The Women Transport Workers Strike of 1918, London.

In August 1918 women working on the underground voted to come out on unofficial strike over a claim for parity with men on a war bonus payment that they had been denied.
The strike, which mainly affected the Bakerloo line, did make some gains for the women.
The background to these important events was the introduction of women onto London´s transport system after the mobilization of men led to a vast reduction of staff across the industry.
For example, Maida Vale underground station was opened in June 1915 and was staffed entirely by women. The London General Omnibus Company (LGOC) began to employ women in 1916 and it was estimated that in 1919 that 5,551 women had been employed on the underground during the war.
Women were employed as ticket collectors, lift attendants, porters and, from 1917, as station guards, guards and ´gatewomen´ on trains who opened and closed the gates before electro-pneumatic operation was introduced (there were normally three gatemen on each six-car train plus two guards).
Women were to be found on the District Railway, the Metropolitan, and the UERL tubes; the Metropolitan alone having 522 female staff by 1918.
Whilst some railway companies appeared to be horrified by the employment of women, Lord Aberconway, director of the Metropolitan, argued ´lady´ ticket collectors did better than their male counterparts.
Initially, women were excluded from becoming guards and the death of Alice Dixon, a porter at Holland Park tube station in 1915, seemed to offer support to those who believed women were not responsible enough to work on board trains.
Dixon rode on the step-board of a train as it moved off from the platform and was pulled along by her skirt that became entangled. She died of her injuries. The London Electric was the first company to employ women as gatewomen in 1916.
Guards were required to give a starting signal to the driver and then board the train and the London Electric claimed that this was too dangerous for a woman.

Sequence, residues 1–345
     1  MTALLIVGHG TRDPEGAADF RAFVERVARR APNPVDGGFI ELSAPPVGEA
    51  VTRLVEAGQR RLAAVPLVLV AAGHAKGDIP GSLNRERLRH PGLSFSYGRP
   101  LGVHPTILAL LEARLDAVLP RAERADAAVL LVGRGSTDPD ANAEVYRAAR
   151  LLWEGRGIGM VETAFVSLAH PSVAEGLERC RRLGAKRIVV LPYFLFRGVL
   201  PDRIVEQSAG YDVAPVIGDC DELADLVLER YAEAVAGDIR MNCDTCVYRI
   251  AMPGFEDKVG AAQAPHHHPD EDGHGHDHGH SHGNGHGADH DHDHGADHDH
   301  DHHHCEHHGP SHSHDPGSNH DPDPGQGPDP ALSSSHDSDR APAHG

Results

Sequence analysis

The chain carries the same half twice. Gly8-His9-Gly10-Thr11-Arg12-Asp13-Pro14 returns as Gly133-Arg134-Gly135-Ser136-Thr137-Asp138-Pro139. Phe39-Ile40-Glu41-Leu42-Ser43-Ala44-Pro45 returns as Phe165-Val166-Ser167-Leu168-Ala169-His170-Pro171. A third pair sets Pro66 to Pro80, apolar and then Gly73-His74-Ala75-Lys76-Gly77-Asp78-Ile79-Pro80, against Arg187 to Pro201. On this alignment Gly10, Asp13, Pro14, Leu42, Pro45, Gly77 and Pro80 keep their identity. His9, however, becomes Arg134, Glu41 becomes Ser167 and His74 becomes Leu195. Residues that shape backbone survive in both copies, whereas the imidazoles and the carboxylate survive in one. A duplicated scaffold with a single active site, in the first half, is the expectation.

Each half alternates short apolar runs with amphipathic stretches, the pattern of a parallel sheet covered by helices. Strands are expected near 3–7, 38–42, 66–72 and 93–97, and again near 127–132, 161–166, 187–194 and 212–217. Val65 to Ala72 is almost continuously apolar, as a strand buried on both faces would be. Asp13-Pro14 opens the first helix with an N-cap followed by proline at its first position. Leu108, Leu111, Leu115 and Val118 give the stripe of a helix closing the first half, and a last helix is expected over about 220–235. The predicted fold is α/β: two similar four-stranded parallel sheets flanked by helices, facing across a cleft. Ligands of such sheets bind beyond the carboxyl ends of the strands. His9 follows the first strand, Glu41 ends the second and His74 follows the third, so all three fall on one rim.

The immediate spur for the industrial action was the 6-day strike by over 15,000 bus and tram workers earlier in August 1918. They had come out for the 5/- war bonus paid to men and were supported by the London & Provincial Union of Licensed Vehicle Workers.
The strike was successful in gaining a full back-dated increase for the women. Other towns had also been affected: Bath, Bournemouth, Brighton, Bristol, Folkestone, Hastings, Hove and Weston-Super-Mare were all hit.
A year before, the war bonus had been consolidated into the basic rate and renamed the ´war wage´, creating even more anger amongst railwaywomen as it merely increased the disparity between men´s and women´s pay through overtime payments.
Five hundred women met at King´s Cross in February 1918 and discussed possible strike action, calling on the NUR to reopen negotiations on the issue.
A number of NUR branches supported the call for equal pay whilst others fought against any improvement for women that might keep them in the industry after the war. Jimmy Thomas, the NUR leader, simply sold out the women.
via history.

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